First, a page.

ISSN (0970-2083)
Radha Madhavi^{1}, Rama Rao Karri^{2*}, Duraisamy Sambasivam Sankar^{3}, Nagesh P^{4} and Vemuri Lakshminarayana^{1}
^{1}Arupadai Veedu Institute of Technology, Kancheepuram, Chennai-603104, Tamil Nadu, India
^{2}Department of Petroleum and Chemical Engineering, Universiti Teknologi Brunei, JalanTungku Link, BE1410, Brunei Darussalam
^{3}School of Applied Sciences and Mathematics, Universiti Teknologi Brunei, JalanTungku Link, BE1410, Brunei Darussalam
^{4}The Institute of Electronics and Telecommunication Engineers, Chennai, Tamil Nadu, India
Received date: 17 June, 2017; Accepted date: 22 August, 2017
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Presence of heavy metals and toxic chemicals in effluent waste water, which usually discarded to local water bodies, pollute the land, air and water. These pollutants effect the environment and human beings. Due to stringent environmental regulations, researchers are exploring the best way to treat the effluent before they are discarded. Biofilm process are observed to be all the more expanding on the grounds that they are ecological benevolent and less vitality serious. The use of biofilm reactor models to genuine useful issues endures because of the absence of learning of exact dynamic models and instability in the model parameters. Effective demonstrating of bioreactors, along these lines, requires choosing a suitable active model and precise assurance of its parameters. Converse estimation of model parameters by means of numerical displaying course is known as backwards demonstrating (IM), which is an alluring contrasting option to the trial techniques. In this approach, the parameters are resolved as an outcome of the approval of the procedure demonstrate with the guide of measured information. Parameter estimation by IM includes minimization of a target capacity and therefore needs the support of productive improvement calculations. In this review, a novel streamlining strategy is proposed in view of insect state improvement (ACO) meant as ACO-IM and connected for the assurance of dynamic and film thickness parameters of biofilm models of a trial settled bed anaerobic reactor utilized as a part of the treatment of industry waste water. The aftereffects of this review are assessed as for scientific models, active and film thickness expressions.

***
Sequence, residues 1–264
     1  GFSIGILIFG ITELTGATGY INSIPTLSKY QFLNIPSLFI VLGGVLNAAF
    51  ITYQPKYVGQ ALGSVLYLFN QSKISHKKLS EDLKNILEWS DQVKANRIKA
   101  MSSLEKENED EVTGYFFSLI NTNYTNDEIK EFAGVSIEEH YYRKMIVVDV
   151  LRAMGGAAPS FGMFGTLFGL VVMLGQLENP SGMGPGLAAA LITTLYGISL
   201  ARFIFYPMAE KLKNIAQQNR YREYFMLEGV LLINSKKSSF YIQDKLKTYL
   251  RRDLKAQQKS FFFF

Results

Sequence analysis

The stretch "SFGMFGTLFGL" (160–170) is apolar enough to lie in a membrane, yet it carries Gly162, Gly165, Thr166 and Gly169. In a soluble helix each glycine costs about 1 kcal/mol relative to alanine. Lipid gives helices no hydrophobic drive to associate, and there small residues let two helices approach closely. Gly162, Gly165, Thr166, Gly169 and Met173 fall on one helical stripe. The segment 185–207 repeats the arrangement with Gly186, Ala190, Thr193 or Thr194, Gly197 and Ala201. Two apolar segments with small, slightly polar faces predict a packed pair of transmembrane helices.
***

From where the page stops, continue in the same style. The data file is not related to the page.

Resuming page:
Mathematical model, Kinetic parameters, Ant colony optimization, Inverse modeling, Test functions